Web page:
Vieuws | 23 September 2015
TTIP: Malmström and Froman fail to unlock talks on tariff liberalisation and public procurement
The EU trade Commissioner Cecilia Malmström and her American counterpart, US Trade Representative Michael Froman have failed to agree on a date for possible exchange of revised offers on tariffs, EU Trade Insights has learned. Meeting on 22 September in Washington, they didn’t manage either to reach a consensus on when to go ahead with an exchange of public procurement offers.
According to sources, the US is pushing the EU to table revised market access proposals as soon as possible. Brussels insists, however, that first the US should deliver on public procurement. EU Chief Negotiator Ignacio Garcia Bercero is pushing his US counterpart Dan Mullaney to agree on the “architecture” of a public procurement chapter that would include a “horizontal” commitment to provide “national treatment to goods, services and enterprises of the EU, with some clearly defined exemptions,” EU Trade Insights has learned.
Brussels wants the US to apply the national treatment approach to public procurement financed by federal funds at both federal and state levels.
The US is not, however, keen to go that far, the sources say. The Americans “continuously” repeat that public procurement is as “sensitive” issue for them as the Investment Court System (ICS) is for the EU, the sources note. Consequently, the US negotiating team has been refusing to go beyond technical-level discussions on public procurement.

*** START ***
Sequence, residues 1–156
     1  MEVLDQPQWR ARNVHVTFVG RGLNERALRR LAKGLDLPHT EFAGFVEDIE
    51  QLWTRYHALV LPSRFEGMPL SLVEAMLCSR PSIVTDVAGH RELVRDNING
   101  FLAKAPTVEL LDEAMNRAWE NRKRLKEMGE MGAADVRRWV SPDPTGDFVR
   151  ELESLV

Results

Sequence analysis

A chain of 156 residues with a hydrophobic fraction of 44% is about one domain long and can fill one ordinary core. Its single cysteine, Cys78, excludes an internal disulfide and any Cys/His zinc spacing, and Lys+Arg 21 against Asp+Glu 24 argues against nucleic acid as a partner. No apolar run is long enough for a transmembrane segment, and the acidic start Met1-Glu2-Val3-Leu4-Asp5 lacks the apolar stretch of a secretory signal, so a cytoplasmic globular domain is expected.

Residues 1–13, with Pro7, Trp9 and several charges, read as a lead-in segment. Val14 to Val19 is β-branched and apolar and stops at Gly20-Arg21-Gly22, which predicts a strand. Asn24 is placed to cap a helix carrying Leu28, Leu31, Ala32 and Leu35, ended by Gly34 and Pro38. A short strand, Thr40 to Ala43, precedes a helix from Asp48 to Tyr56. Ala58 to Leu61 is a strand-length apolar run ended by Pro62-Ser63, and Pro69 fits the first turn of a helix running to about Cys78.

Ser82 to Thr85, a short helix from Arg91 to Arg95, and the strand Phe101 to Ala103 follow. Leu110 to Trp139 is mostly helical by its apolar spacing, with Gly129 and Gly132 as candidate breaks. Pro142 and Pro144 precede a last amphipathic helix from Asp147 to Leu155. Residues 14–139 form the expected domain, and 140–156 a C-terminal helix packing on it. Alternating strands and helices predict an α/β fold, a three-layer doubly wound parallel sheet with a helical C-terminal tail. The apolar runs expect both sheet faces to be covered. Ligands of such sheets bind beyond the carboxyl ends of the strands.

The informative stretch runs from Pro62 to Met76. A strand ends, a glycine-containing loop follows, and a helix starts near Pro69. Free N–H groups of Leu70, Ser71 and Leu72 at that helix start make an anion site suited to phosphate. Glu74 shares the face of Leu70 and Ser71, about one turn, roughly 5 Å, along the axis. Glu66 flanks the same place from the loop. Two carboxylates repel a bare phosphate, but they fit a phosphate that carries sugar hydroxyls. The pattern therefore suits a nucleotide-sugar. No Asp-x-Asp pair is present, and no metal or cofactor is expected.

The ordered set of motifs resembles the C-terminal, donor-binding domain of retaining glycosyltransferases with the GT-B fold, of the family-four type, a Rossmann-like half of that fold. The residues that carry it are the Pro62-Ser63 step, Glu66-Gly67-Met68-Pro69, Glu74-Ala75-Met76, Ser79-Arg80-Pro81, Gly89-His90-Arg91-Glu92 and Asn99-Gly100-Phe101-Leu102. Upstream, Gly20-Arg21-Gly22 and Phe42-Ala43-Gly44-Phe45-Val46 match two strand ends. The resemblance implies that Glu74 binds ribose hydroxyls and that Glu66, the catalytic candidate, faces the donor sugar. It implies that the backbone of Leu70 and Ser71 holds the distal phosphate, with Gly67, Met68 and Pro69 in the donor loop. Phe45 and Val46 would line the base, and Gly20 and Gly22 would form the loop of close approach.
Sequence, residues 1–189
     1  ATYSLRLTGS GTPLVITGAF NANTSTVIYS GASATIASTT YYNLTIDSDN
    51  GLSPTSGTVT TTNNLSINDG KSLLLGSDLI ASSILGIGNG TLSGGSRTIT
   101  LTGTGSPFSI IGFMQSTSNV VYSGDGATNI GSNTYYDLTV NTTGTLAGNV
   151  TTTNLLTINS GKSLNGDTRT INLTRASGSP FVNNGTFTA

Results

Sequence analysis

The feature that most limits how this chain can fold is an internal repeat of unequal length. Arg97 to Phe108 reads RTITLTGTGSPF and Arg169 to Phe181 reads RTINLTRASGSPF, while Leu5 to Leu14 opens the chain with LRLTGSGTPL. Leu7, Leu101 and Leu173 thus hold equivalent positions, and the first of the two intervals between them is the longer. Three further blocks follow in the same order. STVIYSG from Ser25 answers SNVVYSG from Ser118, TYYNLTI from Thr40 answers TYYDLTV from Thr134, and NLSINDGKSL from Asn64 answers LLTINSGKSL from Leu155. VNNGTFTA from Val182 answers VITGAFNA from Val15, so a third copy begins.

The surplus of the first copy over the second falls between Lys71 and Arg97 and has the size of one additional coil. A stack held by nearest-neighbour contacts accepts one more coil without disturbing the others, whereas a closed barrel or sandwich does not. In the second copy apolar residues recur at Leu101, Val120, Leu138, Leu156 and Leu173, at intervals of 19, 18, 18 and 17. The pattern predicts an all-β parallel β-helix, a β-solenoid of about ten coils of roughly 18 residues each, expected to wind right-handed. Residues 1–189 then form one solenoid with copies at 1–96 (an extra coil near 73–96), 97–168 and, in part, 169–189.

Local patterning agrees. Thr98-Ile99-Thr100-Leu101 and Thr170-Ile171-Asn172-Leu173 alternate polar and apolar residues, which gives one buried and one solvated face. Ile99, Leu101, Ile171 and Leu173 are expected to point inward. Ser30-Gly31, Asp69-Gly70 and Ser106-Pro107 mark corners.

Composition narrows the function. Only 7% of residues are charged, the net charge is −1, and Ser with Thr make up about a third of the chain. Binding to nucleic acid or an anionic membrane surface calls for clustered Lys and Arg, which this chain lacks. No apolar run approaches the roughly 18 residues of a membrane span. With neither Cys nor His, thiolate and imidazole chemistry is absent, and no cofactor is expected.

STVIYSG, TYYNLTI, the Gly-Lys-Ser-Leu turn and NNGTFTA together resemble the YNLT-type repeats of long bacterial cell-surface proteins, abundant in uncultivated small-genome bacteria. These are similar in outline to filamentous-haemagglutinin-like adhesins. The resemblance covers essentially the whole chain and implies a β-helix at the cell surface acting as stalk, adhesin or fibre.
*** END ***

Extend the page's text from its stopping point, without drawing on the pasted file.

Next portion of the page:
It is not yet clear if the impasse can be broken ahead of the next formal negotiating round on 19-23 October in Miami (US).
Bercero will continue discussions with the US team in Washington this week in order to make as much progress as possible ahead of the 11th round, EU Trade Insights has learned.
“In the technical talks preceding the next round, we will instruct our negotiators to exercise creativity and flexibility in order to achieve progress in all areas,” said Malmström following her meeting with Froman. They made a similar declaration several months ago, when they agreed a “fresh start” to TTIP talks in early November 2014.
But, despite such efforts, the talks have not moved much since then, with the most sensitive issues such as public procurement, protection of investment, market access and non-tariff barriers still remaining blocked by one or other side.
Meanwhile, the two negotiating teams are under strong political pressure, with German Chancellor Angela Merkel pushing for a “political framework” for a comprehensive trade deal by the end of 2015.
EU officials are, however, very sceptical and call the 2015-deadline “illusionary.” “It is already clear that the TTIP negotiations will stretch into 2016,” an internal Commission document dated early May and seen by EU Trade Insights says.